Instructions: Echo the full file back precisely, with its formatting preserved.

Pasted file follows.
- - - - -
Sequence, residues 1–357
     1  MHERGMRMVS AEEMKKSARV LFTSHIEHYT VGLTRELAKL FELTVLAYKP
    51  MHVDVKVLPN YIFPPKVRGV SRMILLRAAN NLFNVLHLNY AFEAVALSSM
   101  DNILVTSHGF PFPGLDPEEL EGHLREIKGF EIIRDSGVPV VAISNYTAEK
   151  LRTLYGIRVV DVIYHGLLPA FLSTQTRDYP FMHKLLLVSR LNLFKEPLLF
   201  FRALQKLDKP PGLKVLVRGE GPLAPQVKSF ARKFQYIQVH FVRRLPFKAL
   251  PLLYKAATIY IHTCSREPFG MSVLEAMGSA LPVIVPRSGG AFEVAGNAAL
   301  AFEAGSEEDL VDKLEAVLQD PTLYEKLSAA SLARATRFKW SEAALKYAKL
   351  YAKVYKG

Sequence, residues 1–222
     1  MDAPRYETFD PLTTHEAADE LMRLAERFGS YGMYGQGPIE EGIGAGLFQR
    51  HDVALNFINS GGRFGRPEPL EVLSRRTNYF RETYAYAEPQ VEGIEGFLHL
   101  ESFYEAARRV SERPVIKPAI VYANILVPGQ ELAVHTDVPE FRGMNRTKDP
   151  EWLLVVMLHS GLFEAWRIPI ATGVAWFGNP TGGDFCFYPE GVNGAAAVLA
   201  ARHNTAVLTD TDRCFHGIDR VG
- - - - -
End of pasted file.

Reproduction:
Sequence, residues 1–357
     1  MHERGMRMVS AEEMKKSARV LFTSHIEHYT VGLTRELAKL FELTVLAYKP
    51  MHVDVKVLPN YIFPPKVRGV SRMILLRAAN NLFNVLHLNY AFEAVALSSM
   101  DNILVTSHGF PFPGLDPEEL EGHLREIKGF EIIRDSGVPV VAISNYTAEK
   151  LRTLYGIRVV DVIYHGLLPA FLSTQTRDYP FMHKLLLVSR LNLFKEPLLF
   201  FRALQKLDKP PGLKVLVRGE GPLAPQVKSF ARKFQYIQVH FVRRLPFKAL
   251  PLLYKAATIY IHTCSREPFG MSVLEAMGSA LPVIVPRSGG AFEVAGNAAL
   301  AFEAGSEEDL VDKLEAVLQD PTLYEKLSAA SLARATRFKW SEAALKYAKL
   351  YAKVYKG

Sequence, residues 1–222
     1  MDAPRYETFD PLTTHEAADE LMRLAERFGS YGMYGQGPIE EGIGAGLFQR
    51  HDVALNFINS GGRFGRPEPL EVLSRRTNYF RETYAYAEPQ VEGIEGFLHL
   101  ESFYEAARRV SERPVIKPAI VYANILVPGQ ELAVHTDVPE FRGMNRTKDP
   151  EWLLVVMLHS GLFEAWRIPI ATGVAWFGNP TGGDFCFYPE GVNGAAAVLA
   201  ARHNTAVLTD TDRCFHGIDR VG